While I am at it: I value this blog a good deal. You manage to be funny, serious and moving all fairly consistently, which is a bloody good trick that not many people can do. Some of your posts have made me laugh hard, some have broken my reserve enough that I'm glad I wasn't in a public place when I read them, and a few have done both.

Hope that wasn't too embarrassing.

11:38 pm  
Blogger Tired Dad said...

Dr. Rick: Alright. I'm going to clear my throat and suggest we drink some beer and talk about 'the football'

12:12 am  
Anonymous Ann said...

When about to tackle 50 steep steps from train platform to street level, sleeping tiny baby snoozing away peacefully, I sighed internally, imaganing the screams that were soon to erupt from sleeping tiny one. A similarly attired girl was shouting into her mobile, 1 metre away. To my surprise she shouted, "Well, nah, I've got to like go, cos some lady needs help wiv 'er pushchair", and helped me down. She was an angel, and I was so cross with myself for having been so judgmental.

11:57 am  
Blogger Debster said...

And indeed some of the worst bastards I have encountered have been suited city gents ...

7:06 pm  
Blogger Tired Dad said...

Ann: I think the broad judgements are largely correct put it's good to be surprised now and then.

Debs: Although that much is ALWAYS true.

8:04 pm  
Anonymous Anonymous said...

This cheered me right up. Lovely read. Ineke

10:05 pm  
Blogger Tired Dad said...

Ineke, whoever you are - thanks.

11:13 pm  
Blogger Cristina said...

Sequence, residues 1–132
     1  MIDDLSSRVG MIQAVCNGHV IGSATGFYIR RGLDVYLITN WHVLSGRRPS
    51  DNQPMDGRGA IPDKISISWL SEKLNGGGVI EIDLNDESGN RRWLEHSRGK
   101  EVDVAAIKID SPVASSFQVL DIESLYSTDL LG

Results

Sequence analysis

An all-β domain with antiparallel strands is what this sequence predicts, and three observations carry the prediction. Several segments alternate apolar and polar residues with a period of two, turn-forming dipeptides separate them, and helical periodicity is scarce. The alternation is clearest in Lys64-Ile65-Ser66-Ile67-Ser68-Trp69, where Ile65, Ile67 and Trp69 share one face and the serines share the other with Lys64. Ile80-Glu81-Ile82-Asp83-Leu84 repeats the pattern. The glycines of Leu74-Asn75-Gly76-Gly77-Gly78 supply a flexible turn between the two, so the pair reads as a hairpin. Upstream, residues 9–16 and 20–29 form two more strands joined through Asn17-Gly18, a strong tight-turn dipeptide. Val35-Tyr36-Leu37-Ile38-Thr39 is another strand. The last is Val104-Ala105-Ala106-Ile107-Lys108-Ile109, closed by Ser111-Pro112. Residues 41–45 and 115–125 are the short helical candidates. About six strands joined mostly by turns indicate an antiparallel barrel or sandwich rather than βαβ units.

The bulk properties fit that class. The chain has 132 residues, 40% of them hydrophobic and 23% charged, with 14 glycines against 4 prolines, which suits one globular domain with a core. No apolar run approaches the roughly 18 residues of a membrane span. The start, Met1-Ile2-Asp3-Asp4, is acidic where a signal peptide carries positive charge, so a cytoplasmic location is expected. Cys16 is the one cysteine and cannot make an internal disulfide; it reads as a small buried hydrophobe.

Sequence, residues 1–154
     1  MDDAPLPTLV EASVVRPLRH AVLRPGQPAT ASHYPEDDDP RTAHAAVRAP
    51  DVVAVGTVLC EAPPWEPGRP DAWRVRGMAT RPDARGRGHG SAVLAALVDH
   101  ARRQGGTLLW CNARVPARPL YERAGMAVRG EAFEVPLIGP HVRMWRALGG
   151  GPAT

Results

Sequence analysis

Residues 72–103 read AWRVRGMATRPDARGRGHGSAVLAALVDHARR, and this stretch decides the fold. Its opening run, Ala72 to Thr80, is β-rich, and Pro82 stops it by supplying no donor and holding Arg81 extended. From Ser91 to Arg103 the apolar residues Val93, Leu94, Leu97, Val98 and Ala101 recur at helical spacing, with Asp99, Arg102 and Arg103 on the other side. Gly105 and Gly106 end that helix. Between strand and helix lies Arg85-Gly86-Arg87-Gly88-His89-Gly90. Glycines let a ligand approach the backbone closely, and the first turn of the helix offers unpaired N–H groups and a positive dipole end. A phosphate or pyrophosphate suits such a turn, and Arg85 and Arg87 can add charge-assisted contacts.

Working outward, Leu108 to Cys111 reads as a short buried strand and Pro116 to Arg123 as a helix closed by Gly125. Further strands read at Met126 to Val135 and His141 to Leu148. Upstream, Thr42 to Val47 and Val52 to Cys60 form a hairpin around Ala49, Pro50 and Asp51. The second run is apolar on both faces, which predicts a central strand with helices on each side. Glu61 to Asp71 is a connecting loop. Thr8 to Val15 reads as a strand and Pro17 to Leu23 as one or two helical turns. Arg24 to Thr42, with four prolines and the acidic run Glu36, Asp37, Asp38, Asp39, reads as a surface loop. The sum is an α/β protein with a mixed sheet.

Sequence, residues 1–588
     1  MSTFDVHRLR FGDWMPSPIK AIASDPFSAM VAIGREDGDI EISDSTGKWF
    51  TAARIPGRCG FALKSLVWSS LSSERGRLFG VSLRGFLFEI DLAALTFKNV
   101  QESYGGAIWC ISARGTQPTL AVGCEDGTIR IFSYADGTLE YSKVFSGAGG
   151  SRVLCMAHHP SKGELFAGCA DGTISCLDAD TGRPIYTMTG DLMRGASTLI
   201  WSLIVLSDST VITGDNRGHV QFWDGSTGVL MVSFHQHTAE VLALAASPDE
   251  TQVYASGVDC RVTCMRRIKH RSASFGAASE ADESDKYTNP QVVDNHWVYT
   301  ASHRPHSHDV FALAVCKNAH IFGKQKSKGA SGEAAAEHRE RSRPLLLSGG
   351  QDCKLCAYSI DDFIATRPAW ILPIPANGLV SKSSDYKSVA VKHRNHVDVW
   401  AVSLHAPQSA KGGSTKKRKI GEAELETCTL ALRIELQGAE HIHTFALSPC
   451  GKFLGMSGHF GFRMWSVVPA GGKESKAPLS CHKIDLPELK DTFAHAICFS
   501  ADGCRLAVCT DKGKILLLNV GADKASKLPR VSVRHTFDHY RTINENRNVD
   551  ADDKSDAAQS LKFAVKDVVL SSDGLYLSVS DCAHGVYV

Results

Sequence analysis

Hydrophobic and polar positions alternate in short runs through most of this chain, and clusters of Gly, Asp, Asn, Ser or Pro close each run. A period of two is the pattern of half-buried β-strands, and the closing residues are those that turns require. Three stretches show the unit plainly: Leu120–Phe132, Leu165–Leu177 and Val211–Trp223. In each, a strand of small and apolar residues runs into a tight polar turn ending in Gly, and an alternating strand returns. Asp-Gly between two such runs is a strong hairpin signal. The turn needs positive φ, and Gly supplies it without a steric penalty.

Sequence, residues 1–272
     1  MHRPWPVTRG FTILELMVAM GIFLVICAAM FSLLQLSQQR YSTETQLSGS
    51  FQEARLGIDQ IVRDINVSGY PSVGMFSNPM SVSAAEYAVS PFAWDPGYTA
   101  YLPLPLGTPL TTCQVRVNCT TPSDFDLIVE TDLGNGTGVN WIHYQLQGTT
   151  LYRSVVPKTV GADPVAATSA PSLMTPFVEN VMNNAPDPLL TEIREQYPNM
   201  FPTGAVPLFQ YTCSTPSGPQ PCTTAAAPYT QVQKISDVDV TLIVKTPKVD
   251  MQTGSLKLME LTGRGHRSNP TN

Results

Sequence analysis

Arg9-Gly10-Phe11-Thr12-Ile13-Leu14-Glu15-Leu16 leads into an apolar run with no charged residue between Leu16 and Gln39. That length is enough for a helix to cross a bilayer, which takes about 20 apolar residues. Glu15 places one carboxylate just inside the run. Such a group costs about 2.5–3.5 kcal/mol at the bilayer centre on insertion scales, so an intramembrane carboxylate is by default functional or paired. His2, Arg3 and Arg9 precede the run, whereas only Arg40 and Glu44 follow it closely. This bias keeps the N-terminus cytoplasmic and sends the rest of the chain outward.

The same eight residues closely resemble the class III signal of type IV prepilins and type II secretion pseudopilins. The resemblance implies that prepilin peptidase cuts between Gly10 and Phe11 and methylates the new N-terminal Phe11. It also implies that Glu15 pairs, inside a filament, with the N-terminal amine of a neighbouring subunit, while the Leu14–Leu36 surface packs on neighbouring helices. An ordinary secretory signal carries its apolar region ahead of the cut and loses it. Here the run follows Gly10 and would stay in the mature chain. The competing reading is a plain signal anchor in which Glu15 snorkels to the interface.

pls write a book

12:21 am  
Blogger Alison Cross said...

I absolutely loved this. What a great writer you are. I have got big fat tears spilling down my face for all sorts of reasons - the fact that you did something that we hope we would all have the balls to do, even when you just wanted to get home; to sympathy for the poor old guy; for the girl who is experiencing her young life in a way I was blessed never to have to endure - and she was still being kind; to the recognition that we judge (and misjudge) people ALL the time.

Thank you. My mascara is everywhere.

Ali x

3:54 pm  
Blogger Tired Dad said...

Cristina: I've barely got the time to write this.

Ali: Thanks. Now go and sort your face out.

I want to make clear this is not a 'Tired Dad is a Big Man' thing. Because I'm not. I was fully prepared to step-in, have done in similar situations in the past and probably will again buti t's not about that. I'd have probably been all "Hey, do you want to calm it down a bit" and got a face-full of acrylic fingernails for my trouble.

11:47 pm  
Anonymous Tessa said...

I love it when our preconceptions blow up in our faces. Books, covers, judgements and all that. But then, half the time, all it takes is one feral little bollix to give a whole generation a bad name.

12:07 am  
Blogger Tired Dad said...

Tessa: Hello. It's pleasant but it doesn't happen often. I suspect most of them actually are thorough little cunts.

4:59 pm  
Blogger Mother Lover Breadwinner said...

This tale made me smile. I want to say something about adolescents getting a bad press, but in my experience a lot of them are little shits, so I won't.